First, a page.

The Weekly Weeder 

A newsletter for our Community Supported Agriculture members
 
Box #1:  June 14, 2018
EOW "Bean Group"
Box Contents, Storage & Cooking Tips 
 
Notes about this weeks box:
It has been rainy so things were thoroughly muddy during harvest.  We washed everything but you'll want to remove rubber bands and thoroughly rewash all items (except for the berries).

On cooking greens:  Spring is all about eating young plants, especially greens that can grow quickly.  This week's box is filled with excellent greens that can all be prepared easily.  Use the turnips first as they are fragile and tender and won't keep for as long.  We like cooking and eating hot beet greens, while the kohlrabi greens can be cooked then stored in the refrigerator to use throughout the week.  We like having dark leaves to chop into scrambled eggs (always a quick, high-protein meal), tacos, noodle casseroles, and spaghetti sauces.  

To Cook: 
1. Wash greens thoroughly and take off any portion that is yellow or deteriorating
2. Bring water to a rolling boil with a bit of salt added for flavor enhancement (not too much though!)
3. Drop greens into water, submerging them in the water, cover the pot
4. Cooking about 10 minutes, then taste frequently to ensure they retain texture and don't get overcooked!
5. Once tender, drain immediately, squeezing excess liquid from leaves.

Baby Red Beets & Delicious Greens ~ 
1 small bu. Small Shares; 1 big bu. Standard Shares; 2 big bu. Double Shares. 

Store in a covered container (plastic bag, glass bowl, etc.) to prevent from drying out in the refrigerator.  

Use leaves and roots separately.  Wash leaves thoroughly, place into salted boiling water and cook until tender, approximately 10-15 minutes.  We enjoy beet greens a few ways (1) cooked then buttered with salt/pepper and used as a side dish (2) cooked then chopped and served with rice which turns a fabulous pink (3) 

Cilantro ~ Green herb   
1 small bu. Small Shares; 1 big bu. Standard Shares; 2 big bu. Double Shares.

Store in a covered container to prevent from drying out.


We know cilantro is a controversial herb, some folks really not liking it.  For others however, it is the must have ingredient for authentic Mexican and Indian cuisine.  Enjoy on tacos, baked potato, salads, nachos, yogurt marinades, and more.  

Green Garlic ~ Looks like a small leek or big scallion.
1 each to Smalls and Standards; 2 each Doubles

Store enclosed to avoid spreading the garlicy smell in the refrigerator.

Use the white portion of the garlic stalk up until the green part starts.  like you would regular garlic and enjoy a milder flavor.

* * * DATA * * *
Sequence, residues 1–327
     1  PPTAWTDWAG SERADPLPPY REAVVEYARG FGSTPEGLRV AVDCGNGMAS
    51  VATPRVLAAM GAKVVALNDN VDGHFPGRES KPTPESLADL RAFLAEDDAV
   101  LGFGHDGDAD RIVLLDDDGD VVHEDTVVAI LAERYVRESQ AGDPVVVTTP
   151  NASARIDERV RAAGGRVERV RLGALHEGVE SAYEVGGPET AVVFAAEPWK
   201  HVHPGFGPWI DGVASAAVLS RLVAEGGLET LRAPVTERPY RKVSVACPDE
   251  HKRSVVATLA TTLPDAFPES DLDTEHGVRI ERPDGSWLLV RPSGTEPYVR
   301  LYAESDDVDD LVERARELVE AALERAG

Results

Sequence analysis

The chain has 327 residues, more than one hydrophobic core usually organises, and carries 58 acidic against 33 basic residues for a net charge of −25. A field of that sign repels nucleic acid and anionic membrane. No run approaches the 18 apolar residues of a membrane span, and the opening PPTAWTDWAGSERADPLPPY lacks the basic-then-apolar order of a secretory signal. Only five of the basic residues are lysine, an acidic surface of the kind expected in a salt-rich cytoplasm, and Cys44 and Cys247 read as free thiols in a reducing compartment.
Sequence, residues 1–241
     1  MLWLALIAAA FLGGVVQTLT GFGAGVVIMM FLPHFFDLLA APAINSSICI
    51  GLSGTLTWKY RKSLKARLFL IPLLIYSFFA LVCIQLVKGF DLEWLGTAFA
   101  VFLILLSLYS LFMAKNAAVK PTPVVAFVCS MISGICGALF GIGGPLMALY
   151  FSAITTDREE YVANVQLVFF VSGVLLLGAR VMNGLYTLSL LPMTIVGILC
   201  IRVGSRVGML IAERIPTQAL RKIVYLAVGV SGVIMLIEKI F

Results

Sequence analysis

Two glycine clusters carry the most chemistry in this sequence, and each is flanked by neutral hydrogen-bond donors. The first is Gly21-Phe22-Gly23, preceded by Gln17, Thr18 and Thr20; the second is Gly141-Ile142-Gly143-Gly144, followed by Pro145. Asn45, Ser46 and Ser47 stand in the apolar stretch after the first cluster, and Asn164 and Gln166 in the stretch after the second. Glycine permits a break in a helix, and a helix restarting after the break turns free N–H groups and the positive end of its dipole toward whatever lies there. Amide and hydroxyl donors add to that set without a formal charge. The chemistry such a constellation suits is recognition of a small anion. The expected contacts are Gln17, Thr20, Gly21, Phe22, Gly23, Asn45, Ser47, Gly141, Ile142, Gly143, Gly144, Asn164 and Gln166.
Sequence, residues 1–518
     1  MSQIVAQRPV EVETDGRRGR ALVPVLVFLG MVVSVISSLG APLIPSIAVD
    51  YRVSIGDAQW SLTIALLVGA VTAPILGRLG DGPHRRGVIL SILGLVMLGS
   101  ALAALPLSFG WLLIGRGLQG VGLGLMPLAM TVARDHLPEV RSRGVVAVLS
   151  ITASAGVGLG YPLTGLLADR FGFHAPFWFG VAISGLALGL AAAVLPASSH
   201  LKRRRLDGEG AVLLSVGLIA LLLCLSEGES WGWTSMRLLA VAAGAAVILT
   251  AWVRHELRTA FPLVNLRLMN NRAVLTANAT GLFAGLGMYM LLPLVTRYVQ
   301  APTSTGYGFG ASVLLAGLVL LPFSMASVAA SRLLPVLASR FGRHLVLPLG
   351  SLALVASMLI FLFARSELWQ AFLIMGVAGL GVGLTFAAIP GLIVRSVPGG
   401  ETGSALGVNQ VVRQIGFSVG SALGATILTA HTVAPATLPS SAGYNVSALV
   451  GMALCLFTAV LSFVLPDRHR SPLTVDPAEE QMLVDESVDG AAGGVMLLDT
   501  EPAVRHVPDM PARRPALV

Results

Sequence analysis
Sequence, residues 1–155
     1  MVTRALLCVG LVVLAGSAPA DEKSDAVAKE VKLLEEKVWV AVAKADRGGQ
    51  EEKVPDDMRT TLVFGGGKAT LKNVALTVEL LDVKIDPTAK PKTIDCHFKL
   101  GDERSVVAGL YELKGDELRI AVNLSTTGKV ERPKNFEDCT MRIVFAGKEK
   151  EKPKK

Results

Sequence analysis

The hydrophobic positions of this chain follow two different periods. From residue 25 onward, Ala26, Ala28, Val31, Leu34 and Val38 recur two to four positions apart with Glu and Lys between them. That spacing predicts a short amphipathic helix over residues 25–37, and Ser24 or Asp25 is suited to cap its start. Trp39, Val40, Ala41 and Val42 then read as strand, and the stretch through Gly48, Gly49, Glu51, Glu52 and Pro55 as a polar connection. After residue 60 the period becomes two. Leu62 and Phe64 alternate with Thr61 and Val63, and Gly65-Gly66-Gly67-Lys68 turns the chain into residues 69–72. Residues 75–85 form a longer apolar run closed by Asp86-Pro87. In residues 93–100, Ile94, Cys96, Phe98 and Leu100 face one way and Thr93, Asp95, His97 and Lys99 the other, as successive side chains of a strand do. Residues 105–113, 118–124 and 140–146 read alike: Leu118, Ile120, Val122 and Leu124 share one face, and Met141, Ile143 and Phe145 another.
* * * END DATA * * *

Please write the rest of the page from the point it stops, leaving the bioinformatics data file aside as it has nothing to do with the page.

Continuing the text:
Garlic Scapes ~ Strange curly, long flower stalk from the garlic plants!
1 small bu. Small Shares; 1 big bu. Standard Shares; 2 big bu. Double Shares.

Store enclosed to avoid spreading the garlicy smell in the refrigerator.

Use the tender end which is the round portion, not the slender tip which can be tough.  Chop and cook as you would garlic.  Add to your stir fry's, scrabbled eggs, spaghetti sauces and anything else you want!


Kohlrabi ~ Round roots with leaves similar to collards 
1 small bu. Small Shares; 1 big bu. Standard Shares; 2 big bu. Double Shares.

Store in a covered container to prevent from drying out.

Use both the leaves and roots.  Prepare round portion by peeling first, then chopping slices for eating raw, adding to salads, or putting on a sandwich.  The sweet, juicy crunch is like nothing else!  Our boys love it on their salads and dipped into anything like dill dip or cottage cheese.  Leaves can be cooked and used as you would collards or kale.  They take a good while to boil, longer than beet greens (cooked the same way).  

Red Lettuce ~ 
1 head for Small and Standard Shares; 2 heads for Doubles


Store in a covered container to prevent from drying out.

Time for salads, lettuce wraps and using leaves to serve other salads!


Green Lettuce ~
1 head for Standards and Doubles only

Store & use as above.

Turnip Greens ~ Dark leaves with white ends.  
1 small bu. Small Shares; 1 big bu. Standard Shares; 2 big bu. Double Shares.

Store in a covered container to prevent from drying out.

These t
ender leaves are fragile and should be used sooner than later this week.  The entire bunch can be used and cooked similar to beet greens.  Use as a side dish to grits and grilled chicken/tofu.

Strawberries ~
Pints to selected sites only.